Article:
BROOKLINE, Mass. — For every Collin Morikawa and his back-to-back years winning a major is a Joel Dahmen, who only four years ago would have been thrilled even to play in one.
Jon Rahm is the defending U.S. Open champion, one shot out of the lead. He will be playing on the weekend at The Country Club with Hayden Buckley, who studied while playing at Missouri because he figured he would need to find a job after college.
The dozen players separated by two shots going into the weekend include the top three players in the world rankings and four of the top seven — Masters champion Scottie Scheffler, Rahm, Rory McIlroy and Morikawa. Nick Hardy, an Illinois and Glenbrook North alumnus, is among five golfers two strokes back.
“I think it’s great for the game of golf that the highest-ranked players and the best players are up there, especially in the tournament where truly the best player ends up winning,” Rahm said.
It also includes two PGA Tour rookies and two players who have never won on tour.
Indeed, this U.S. Open has something for everyone. It just doesn’t have Phil Mickelson, who missed the cut by eight shots.
Morikawa was searching for something in his game and found a “baby draw” instead of his traditional fade, and it’s been working beautifully at Brookline. He matched the low score of the championship Friday with a 4-under 66 for a share of the lead with Dahmen, the cancer survivor and popular everyman in golf.
Rahm did his best to keep pace with an eagle and a series of big par putts that felt just as valuable. Rahm had a 67 and was in the group of five players one shot behind. That included McIlroy, coming of a win at the Canadian Open, who was never more entertaining.
McIlroy was two holes into his round when an errant approach landed in waist-high fescue. He took a hack. And then another. The third try finally found the green, and he holed a 25-foot putt to salvage a double bogey.
McIlroy hit his stride on the back nine with three birdies over his last four holes for a 69.
“After 36 holes in a major championship, that’s all you want to do is put yourself right in the mix going into the weekend,” McIlroy said. “For a little part of the day there, it seemed like I was going to be a few more behind. But I dug deep and played the last eight holes really, really well.”
Not to be overlooked was Scheffler, the No. 1 player in the world, who chipped in from thick rough short of the par-5 14th green for an eagle that brought the Texan back into the mix with a 67. He was two shots behind.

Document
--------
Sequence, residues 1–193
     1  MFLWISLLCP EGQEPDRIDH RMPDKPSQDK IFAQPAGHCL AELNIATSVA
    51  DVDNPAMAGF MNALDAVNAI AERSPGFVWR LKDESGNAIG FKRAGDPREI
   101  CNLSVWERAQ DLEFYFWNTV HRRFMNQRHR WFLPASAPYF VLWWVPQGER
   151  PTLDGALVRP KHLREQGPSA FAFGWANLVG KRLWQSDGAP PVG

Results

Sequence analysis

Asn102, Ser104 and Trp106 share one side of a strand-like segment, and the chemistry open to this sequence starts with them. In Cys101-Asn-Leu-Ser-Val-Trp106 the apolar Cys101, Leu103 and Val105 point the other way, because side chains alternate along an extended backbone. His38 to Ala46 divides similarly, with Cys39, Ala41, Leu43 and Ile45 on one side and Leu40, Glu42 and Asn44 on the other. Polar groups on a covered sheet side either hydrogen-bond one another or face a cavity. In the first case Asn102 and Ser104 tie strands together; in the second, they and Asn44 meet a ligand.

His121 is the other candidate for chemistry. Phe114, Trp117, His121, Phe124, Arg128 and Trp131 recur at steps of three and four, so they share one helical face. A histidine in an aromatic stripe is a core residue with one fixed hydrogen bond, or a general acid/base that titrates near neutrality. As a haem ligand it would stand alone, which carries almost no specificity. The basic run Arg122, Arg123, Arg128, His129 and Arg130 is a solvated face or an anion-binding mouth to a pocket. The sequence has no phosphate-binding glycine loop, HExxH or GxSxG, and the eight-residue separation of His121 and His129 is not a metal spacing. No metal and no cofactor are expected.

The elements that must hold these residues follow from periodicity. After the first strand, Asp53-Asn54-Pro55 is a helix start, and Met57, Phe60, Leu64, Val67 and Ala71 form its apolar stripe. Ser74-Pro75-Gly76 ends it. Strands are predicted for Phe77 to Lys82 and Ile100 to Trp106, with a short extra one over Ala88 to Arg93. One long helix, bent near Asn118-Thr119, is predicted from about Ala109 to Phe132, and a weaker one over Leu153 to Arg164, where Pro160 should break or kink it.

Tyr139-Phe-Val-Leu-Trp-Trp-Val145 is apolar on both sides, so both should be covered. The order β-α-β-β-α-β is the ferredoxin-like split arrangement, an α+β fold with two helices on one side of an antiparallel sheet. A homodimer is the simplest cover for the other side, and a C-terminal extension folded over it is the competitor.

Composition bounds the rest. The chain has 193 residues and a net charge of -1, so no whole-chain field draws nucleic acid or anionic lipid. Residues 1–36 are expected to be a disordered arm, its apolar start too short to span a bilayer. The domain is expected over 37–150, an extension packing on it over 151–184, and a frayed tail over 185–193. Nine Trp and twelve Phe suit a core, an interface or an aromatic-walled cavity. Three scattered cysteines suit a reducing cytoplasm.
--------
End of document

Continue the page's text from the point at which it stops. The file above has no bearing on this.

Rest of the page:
Morikawa, Rahm and Scheffler have combined to win four of the last nine majors. And then there’s McIlroy, who has four majors but none since 2014.
“It’s the U.S. Open. No one has taken it deep so far and run away,” Morikawa said. “The last few days is a huge confidence booster for me heading into this weekend, and hopefully we can make some separation somehow.”
The idea of the U.S. Open is to identify the best players. Some of them require some introductions to major championship contention on the weekend.
Start with Dahmen, who will never be accused of taking himself too seriously, even if he takes his game seriously. He thought about withdrawing from the 36-hole qualifier twice last week before it started and after the first round.
But he stuck it out, and with a 68 on Friday plays in the final group of a major for the first time. He joined Morikawa at 5-under 135.
“We don’t tee off until 3:45 tomorrow. I typically have to be home at 5 for dinner,” Dahmen said. “So this will be different, for sure.”
The group one shot behind includes Buckley, who wasn’t in the U.S. Open until making a 20-foot birdie putt in a playoff for the last spot in his qualifier 11 days ago.
He was fading, like so many others, with three bogeys during a five-hole stretch around the turn when he got back on track. Birdies on the last two holes gave him another 68.
Also at 136 were Aaron Wise, with one PGA Tour victory and nothing better than a tie for 17th in his nine previous majors; and Beau Hossler, who featured on the weekend at Olympic Club as a teenage amateur in 2012 but hasn’t been heard of since then in the majors.
They were examples that the U.S. Open being open to all doesn’t just stop with qualifying for the right to play the toughest test in golf.
The weekend won’t have Mickelson, hardly a surprise. He took a four-month hiatus over his inflammatory remarks about the PGA Tour and the Saudi-backed league he was promoting, wound up joining LIV Golf and returned to competition last week with poor results.
The U.S. Open was a slightly stronger test and Mickelson was exposed, particularly on the greens, with rounds of 78-73 to miss the cut. His next stop is Oregon in two weeks for another LIV Golf event, 54 holes and no cut.
McIlroy never panicked after his double bogey. He took advantage of the birdie chances on the drivable par-4 fifth and the short par-5 eighth. And he finished strong to get right in the mix, his main goal going into the weekend.
Adding to the anticipation for McIlroy was seeing so many familiar names at the top.
“You want to go up against the best to try to bring the best out of yourself,” McIlroy said. “And to see Collin and Jon and Scottie and Sam (Burns) up there and whoever else, that’s what major championship golf is all about. That’s what competition is all about.
“And that’s at the heart of this game. I’m excited to be in that mix going into the weekend.”